Meanwhile, in the Bumpyverse: Utah Filmmakers Unveil Latest Stoner Gothic
Southern Utah film collective Bumpy Soup is gearing up for the release of the third installment of their comedy web series Good Show ™, and like its predecessors, it’s a real rollick. This new short, titled “Flame of the Void: A Stoner Noir,” combines the elements of classic stoner buddy comedies with the existentialism of noir, gothic filmmaking, and it absolutely nails the dueling tones of melodrama and parody. Centering around the case of a notorious and missing The Voidz lighter, “Flame of the Void” features increasingly unhinged hangover interrogations and a hilarious psychedelic vision quest that plants itself firmly in the spirit of St. George’s filmmaking subculture.
An evolving creative collective of filmmakers, musicians, photographers, writers, actors and makers-of-all-kinds, Bumpy Soup is interested in representing their small-town, outsider experience on-screen. Varying in size from project to project, Bumpy Soup’s ethos is to amplify and hyperbolize dynamics in their members that already exist. In “Flame of the Void,” actor and audio engineer Morgan Espitia’s beer can staff keeps growing, and piles of empty soda cups from Swig dot the sets. Giving an all-out Henry Zebrowski-esque performance as the film’s manic philosopher hero is Aqua Supreme, who says that one of the best parts of filmmaking with Bumpy Soup is getting to portray “exaggerated versions of yourself that your friends wrote.” Writer Patrick Swansborough had the idea for a series revolving around an aggrandized version of their friend group about five years ago, and each installment of Good Show ™ builds upon this initial concept into what they now call the “Bumpyverse.”
“[Bumpy Soup is a space for] open-mindedness and inclusivity, and wanting to be there for people who feel alienated or left out.”
Swansborough says the characters and storytelling in “Flame of the Void” came primarily from noir as-seen-on-TV—in other words, a parody of a parody. “The overarching theme of all of our projects is that everything has been fun and silly,” cinematographer Shane Stewart says. Stewart notes that he spent time studying classic noir visuals, which is demonstrated by darkly-lit garage monologues and dramatic camera angles of red rock landscapes. Shot on-location, this imagery highlights the subversive space Bumpy Soup is occupying—DIY, gorgeous, filthy and spiritual. It is, as Stewart says, a space for “open-mindedness and inclusivity, and wanting to be there for people who feel alienated or left out.” This is what Bumpy Soup is meant to represent. Their unique name, partly inspired by a stunt pulled in an earlier episode of Good Show ™, connotes “the disparate ingredients of soup. Everyone brings with them their own unique flavor,” says producer Emily Rae.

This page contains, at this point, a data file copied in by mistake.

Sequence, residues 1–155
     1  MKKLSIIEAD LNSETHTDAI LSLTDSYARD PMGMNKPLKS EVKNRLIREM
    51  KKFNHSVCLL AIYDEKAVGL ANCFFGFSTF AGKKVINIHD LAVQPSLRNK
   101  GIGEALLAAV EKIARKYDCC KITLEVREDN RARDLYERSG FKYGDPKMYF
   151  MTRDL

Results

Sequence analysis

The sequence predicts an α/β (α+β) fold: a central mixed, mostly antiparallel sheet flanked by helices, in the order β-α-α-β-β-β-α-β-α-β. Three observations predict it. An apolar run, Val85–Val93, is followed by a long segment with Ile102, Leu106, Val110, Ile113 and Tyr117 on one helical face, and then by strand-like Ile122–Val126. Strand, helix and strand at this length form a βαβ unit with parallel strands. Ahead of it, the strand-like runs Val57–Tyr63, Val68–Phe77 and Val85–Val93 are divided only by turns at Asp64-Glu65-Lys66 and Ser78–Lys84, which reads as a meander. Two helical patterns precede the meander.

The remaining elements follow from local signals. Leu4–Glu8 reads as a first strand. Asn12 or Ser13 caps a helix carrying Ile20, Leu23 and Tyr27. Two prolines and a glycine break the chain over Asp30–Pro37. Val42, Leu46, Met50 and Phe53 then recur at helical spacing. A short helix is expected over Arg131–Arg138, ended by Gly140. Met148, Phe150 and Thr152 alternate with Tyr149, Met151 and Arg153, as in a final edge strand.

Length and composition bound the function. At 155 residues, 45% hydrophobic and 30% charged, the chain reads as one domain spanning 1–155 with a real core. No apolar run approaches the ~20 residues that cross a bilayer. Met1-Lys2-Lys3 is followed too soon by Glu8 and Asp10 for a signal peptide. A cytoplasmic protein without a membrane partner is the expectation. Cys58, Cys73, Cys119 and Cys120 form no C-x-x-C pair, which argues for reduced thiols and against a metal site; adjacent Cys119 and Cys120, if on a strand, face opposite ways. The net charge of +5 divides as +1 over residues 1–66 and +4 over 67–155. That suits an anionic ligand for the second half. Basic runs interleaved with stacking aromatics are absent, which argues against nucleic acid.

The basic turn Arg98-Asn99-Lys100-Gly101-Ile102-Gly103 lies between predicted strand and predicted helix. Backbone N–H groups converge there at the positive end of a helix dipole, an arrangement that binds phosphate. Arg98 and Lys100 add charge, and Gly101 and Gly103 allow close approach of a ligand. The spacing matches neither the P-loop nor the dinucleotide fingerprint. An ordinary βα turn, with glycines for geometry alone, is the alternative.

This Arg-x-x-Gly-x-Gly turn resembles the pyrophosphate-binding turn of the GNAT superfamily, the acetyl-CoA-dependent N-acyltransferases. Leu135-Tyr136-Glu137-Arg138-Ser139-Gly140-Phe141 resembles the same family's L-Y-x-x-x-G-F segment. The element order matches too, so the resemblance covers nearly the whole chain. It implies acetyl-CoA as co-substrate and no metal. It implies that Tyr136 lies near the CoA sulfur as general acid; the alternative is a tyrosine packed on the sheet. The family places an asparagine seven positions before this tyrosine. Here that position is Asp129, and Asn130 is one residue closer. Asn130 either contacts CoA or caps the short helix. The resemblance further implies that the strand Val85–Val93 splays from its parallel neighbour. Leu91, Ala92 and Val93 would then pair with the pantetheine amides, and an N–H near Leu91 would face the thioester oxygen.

Representing alternative perspectives is what brings members of Bumpy Soup together. They say that the ability to congregate as creatives working outside of the mainstream is crucial, and they believe in the power of DIY. The film is scored entirely by members of the collective, and each set is an ad-hoc assemblage of Deseret Industries thrifts and on-hand objects. Director and producer Alek Wiltbank says that the opportunity to explore a variety of creative passions through Bumpy Soup, both through films and other projects, allowed the group to create their own counterculture where it otherwise wouldn’t exist.
“The overarching theme of all of our projects is that everything has been fun and silly.”
Alongside Good Show ™, the group produces a TV and film-themed podcast called Bumpy Soup Podcast, where they hold weekly freeform chats followed by a “Watch of the Week” segment, where the varying hosts discuss an episode of television they’ve preselected to watch. The collective is also working on an album to be released in 2024. You can find all of their current projects on YouTube @BumpySoup or stream episodes of Good Show ™ on iNDIEFLIX.
Bumpy Soup will host a release party on Feb. 3 for “Flame of the Void: A Stoner Noir”—which premiers that day on their YouTube channel—at Blues Katz Rock n’ Roll Grill in St. George. Follow @GoodShowTM on Instagram and Twitter for updates on when and where to watch their latest episodes.
Read more about Utah filmmakers here:
Utah’s Filmmaking Future – The Artist Foundry
Josie Jane Rides the Rising Tide of Utah’s Indie Filmmakers